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Metro Area Employment and Unemployment – August 2012

New data from the Bureau of Labor Statistics show unemployment rates trending downward across most of the U.S. — and Arkansas is no exception.  The statistics for August show unemployment lower than the previous year in 325 of the nation’s 372 metro areas.  As shown in the table below, unemployment rate declines in Arkansas ranged from -0.6% in Fort Smith to -1.4% in Pine Bluff.

Source: Bureau of Labor Statistics, Local Area Unemployment Statistics

A quick comparison of August with the July unemployment rates would seem to suggest dramatic monthly declines; however, these changes primarily reflect recurring seasonal patterns — and the conventional unemployment measures for metro areas are not seasonally adjusted.  In this case, an important factor the start of the school year, when many teachers and students return to work or leave the labor force.  As a point of comparison, the headline unemployment rate statewide was unchanged in August at 7.3% (seasonally adjusted) while the not-seasonally-adjusted data showed a monthly decline of 0.9%.

Looking instead at the BLS’s smoothed seasonally adjusted estimates (below) we get a more accurate view of month-to-month changes.  From July to August, the seasonally adjusted figures show declines in Fayetteville, Hot Springs, Little Rock, Memphis and Pine Bluff.  The rate was unchanged in Jonesboro and Texarkana, while it increased in Fort Smith.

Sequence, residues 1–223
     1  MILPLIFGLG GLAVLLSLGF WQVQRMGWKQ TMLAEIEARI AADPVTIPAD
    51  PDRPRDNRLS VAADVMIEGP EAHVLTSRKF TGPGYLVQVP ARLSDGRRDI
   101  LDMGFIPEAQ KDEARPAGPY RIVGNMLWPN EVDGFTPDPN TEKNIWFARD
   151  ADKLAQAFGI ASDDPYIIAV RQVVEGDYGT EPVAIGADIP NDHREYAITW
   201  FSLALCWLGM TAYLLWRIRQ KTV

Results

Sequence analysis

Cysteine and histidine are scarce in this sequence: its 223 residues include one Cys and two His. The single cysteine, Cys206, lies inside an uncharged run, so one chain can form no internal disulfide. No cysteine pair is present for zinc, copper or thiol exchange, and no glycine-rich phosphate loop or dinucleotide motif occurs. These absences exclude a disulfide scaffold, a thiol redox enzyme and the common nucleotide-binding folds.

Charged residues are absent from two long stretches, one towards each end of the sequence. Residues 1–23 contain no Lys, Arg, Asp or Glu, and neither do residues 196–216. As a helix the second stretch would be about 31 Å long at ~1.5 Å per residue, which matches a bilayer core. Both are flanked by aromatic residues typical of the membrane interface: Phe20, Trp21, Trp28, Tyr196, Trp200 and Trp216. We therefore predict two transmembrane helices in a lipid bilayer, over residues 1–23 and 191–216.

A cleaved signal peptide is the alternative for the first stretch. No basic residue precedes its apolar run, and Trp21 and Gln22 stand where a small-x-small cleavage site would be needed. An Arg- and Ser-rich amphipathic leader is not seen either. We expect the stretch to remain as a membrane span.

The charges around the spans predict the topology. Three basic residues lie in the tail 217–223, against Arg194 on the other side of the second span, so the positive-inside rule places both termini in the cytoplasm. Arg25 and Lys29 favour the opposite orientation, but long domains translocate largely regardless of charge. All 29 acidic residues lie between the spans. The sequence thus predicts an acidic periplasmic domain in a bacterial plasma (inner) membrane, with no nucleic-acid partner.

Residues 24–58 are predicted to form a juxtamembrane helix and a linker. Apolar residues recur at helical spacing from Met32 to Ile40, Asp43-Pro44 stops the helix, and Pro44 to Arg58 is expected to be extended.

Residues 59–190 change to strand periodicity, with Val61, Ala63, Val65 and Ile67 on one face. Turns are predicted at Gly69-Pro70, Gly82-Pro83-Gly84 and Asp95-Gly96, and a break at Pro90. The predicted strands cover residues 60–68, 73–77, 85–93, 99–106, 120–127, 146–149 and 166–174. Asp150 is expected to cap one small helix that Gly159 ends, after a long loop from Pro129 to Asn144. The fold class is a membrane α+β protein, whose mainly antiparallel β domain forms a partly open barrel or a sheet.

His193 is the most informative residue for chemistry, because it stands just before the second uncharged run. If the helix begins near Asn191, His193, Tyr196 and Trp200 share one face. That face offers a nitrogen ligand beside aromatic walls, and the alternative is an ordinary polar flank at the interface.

Source: Bureau of Labor Statistics, Smoothed Seasonally Adjusted Metropolitan Area Estimates

The following chart shows the trends in seasonally-adjusted unemployment rates over the past three years.  Rates have generally been in decline since autumn of 2011, although there has been some recent increases in Memphis and Fort Smith.

Source: Bureau of Labor Statistics, Smoothed Seasonally Adjusted Metropolitan Area Estimates

Payroll Data
Information from the survey of employers showed a wide range of employment changes among the state’s metro areas.  Texarkana showed a sharp monthly decline, with smaller contractions in Fort Smith, Hot Springs and Little Rock.  Employment was up in Memphis, Fayetteville, Pine Bluff , and especially Jonesboro.  Compared to a year earlier, employment was higher in six of the eight metro areas.  Relative to employment levels at the start of the recession, Arkansas now has three metro areas that have shown positive net job growth.

Source: Bureau of Labor Statistics, Current Employment Statistics